Life as a local Lansing performer

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By Kristen Alberti
Listen Up, Lansing

The Loft is one of Lansing's most popular places for local artists to perform at.

The Loft is one of Lansing’s most popular places for local artists to perform at.

Working three jobs is enough to keep anyone busy, but when you have a dream to chase, who has time for sleep?

As an employee at a life insurance company, a movie theater, and helping coach a high school girls’ soccer team, Tyler Ennis, vocalist in Lansing metal band Ground Tracer, should seem too exhausted to practice with his band. Nevertheless, Ennis said his commitment to his band is worth it because it helps him support both his group and himself.

“As cliche as it sounds, it really is my escape,” said Ennis. “I go through a lot of stress with how busy my life is, but anytime I’m on stage performing, I really truly forget about everything and just have the time of my life.”

Lansing is home to many local performers of all genres ranging from hip-hop to country to progressive metal with everything in-between.

Although these performers are passionately striving to live out their dreams, many struggles come with being an up-and-coming performer, especially in a city not well-known for music like Lansing.

Mac's Bar, just down the road from Michigan State University's campus, is where many local artists take their talent.

Mac’s Bar, just down the road from Michigan State University’s campus, is where many local artists take their talent.

However, two local places, Mac’s Bar located on East Michigan Avenue just a mile down the road from Michigan State University’s campus and The Loft also located on East Michigan Avenue across from the Lansing Center welcome all local performers to open for bigger shows they host.

When it comes to opportunities for local Lansing artists, Mac’s Bar bartender Tara Hawblitzel said performers have a bigger opportunity starting out in such a small town because they can actually have a bigger chance at booking a show and playing more often.

“You could get lucky and play one show in Chicago, that might be your one big thing, but if you don’t really have a strong following you can’t create one with one show,” said Hawblitzel. “The more consistently you play, the word gets out that you have a good sound and you have fun.”

Hawblitzel said that as local performers play in other cities, they bring performers from other places back to Lansing, and the whole local band scene is like a big network of communication.

Even though Ground Tracer doesn’t have a problem finding places to perform at, the band needs to be picky about where they play, Ennis said.

“Being in a band that wants to take it to the next level and being more serious about it, we have to really be careful with playing the same area more than once a month,” said Ennis.

Though forming a band started as just a way to occupy time, Ennis said Ground Tracer is hoping to gain a bigger fan base to take the group farther than any members imagined.

Here is Vandalay with members left to right: Ben Warner, Dustin Stoner, Jake Greenwood Photo provided by Vandalay

Here is Lansing rock band Vandalay with members from left to right: Ben Warner, Dustin Stoner, and Jake Greenwood.
Photo provided by Vandalay

On the other hand, Vandalay drummer, singer, and keyboardist Jake Greenwood has always been deeply involved with music. Greenwood said he started playing piano at age five and the drums at age 10, which led him and his two best friends, Ben Warner and Dustin Stoner, to create their rock band Vandalay in 2012.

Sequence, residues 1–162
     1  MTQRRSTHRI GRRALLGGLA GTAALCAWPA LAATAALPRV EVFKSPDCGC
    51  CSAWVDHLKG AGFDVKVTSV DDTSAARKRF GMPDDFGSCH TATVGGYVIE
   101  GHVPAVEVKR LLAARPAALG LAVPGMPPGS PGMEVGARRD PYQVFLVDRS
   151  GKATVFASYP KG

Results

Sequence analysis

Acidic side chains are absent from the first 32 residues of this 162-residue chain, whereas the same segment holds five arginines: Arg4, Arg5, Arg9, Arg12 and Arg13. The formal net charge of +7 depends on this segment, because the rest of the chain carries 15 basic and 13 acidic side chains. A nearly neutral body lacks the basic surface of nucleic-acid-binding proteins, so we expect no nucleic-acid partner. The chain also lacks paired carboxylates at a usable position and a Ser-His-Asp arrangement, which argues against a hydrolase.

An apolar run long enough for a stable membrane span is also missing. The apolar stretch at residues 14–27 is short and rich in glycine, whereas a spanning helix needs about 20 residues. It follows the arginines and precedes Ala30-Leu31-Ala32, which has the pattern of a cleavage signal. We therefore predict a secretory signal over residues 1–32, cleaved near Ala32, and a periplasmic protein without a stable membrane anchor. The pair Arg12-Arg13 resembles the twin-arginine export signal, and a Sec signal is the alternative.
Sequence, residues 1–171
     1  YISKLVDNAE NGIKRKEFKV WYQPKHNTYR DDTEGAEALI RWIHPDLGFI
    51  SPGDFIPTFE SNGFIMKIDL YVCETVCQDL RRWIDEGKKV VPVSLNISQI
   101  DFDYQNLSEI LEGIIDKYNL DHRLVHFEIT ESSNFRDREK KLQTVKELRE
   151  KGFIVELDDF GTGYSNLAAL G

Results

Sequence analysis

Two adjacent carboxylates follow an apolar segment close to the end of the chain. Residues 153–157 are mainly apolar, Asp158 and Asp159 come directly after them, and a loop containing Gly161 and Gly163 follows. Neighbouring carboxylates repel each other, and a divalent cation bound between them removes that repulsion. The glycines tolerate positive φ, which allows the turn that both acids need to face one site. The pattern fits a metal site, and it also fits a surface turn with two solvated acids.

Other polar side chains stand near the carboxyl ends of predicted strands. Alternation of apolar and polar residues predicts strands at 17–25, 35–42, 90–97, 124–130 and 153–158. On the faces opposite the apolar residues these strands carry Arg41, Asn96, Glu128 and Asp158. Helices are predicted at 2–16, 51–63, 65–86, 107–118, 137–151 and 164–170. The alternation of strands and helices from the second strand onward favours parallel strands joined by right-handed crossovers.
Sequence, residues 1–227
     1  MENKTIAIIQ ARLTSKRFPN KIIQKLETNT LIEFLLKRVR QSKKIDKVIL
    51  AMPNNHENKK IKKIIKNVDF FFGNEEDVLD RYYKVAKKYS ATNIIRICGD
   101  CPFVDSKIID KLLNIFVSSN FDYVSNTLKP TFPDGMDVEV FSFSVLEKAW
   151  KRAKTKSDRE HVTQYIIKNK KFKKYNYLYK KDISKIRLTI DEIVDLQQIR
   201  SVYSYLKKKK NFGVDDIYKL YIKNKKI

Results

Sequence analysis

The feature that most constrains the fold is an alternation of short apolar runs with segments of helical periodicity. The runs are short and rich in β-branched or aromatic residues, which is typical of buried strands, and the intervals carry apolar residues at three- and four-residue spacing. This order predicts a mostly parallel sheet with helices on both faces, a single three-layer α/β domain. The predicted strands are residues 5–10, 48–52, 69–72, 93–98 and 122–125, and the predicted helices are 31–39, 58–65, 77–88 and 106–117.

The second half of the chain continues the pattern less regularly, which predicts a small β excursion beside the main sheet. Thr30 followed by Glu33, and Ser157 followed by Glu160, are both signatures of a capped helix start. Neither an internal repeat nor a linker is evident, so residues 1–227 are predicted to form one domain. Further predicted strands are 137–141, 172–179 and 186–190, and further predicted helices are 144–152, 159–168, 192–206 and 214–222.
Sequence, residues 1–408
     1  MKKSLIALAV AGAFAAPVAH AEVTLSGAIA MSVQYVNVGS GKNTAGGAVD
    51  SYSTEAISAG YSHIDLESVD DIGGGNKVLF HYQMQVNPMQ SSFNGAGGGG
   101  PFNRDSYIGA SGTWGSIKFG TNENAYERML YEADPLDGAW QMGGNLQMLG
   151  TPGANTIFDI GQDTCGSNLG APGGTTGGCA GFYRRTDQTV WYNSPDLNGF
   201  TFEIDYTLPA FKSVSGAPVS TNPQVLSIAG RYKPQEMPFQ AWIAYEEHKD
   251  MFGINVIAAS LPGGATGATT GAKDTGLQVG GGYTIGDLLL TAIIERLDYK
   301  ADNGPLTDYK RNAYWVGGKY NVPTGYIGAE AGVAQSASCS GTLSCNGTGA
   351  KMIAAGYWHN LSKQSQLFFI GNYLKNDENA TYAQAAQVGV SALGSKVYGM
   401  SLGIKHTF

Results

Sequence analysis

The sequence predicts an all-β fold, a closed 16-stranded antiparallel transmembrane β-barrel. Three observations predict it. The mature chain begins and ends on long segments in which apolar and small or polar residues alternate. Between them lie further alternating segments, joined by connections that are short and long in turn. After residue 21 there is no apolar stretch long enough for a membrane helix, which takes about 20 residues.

“Vandalay is definitely more than a hobby; my life revolves around the teaching, creating, and performance of music,” said Greenwood. “We would definitely love to see this band take us around the world, meeting new people and sharing our love for music.”

Vandalay depends on its members and and some dedicated loyal friends when it comes to being a successful band and keeping up with merchandise, social media strategies, booking, touring, artwork, stage production, finances, and more, said Greenwood.

“Being in Vandalay is like being part of a company, in a good way,” Greenwood said.

Even with their lack of a full crew, Vandalay has managed to create a strong fan base in both Michigan and Chicago, and are slowly creating buzz through the midwest and the east coast.

“Last summer, we went on tour to the east coast and there were people at each show along the tour just to see us,” said Greenwood. “That was an awesome feeling of support!”

Though these local performers are making their way to the big time, there are always hardships they need to overcome, such as the extreme amount of time they need to devote to their bands.

Between writing, rehearsing, touring, meetings, shows, and studio time, it’s inevitable that sometimes you’ll have to miss family events or skip out on hanging out with your friends, said Greenwood.

“For me, the best way to deal with that is to always keep in mind the goals that we are trying to achieve and that the members of Vandalay are in this together, for each other,” Greenwood said.

Through a lot of experience, Vandalay has no problem finding places to perform at and booking shows, but it wasn’t always like that, said Greenwood. As former MSU students, the guys used to perform at a lot of house parties on campus, and worked their way up to venues like Mac’s Bar.

“We are now to the point where we typically book our shows through agencies, both here in Michigan and in Chicago,” said Greenwood.

Vandalay now usually performs at The Loft or outdoor festivals in Lansing, and are happy to be performing with Jane’s Addiction on day two of the Common Ground Music Festival, a six-day music festival being held at the Adado Riverfront Park in Lansing from July 7-12, just a five-minute walk from The Loft.

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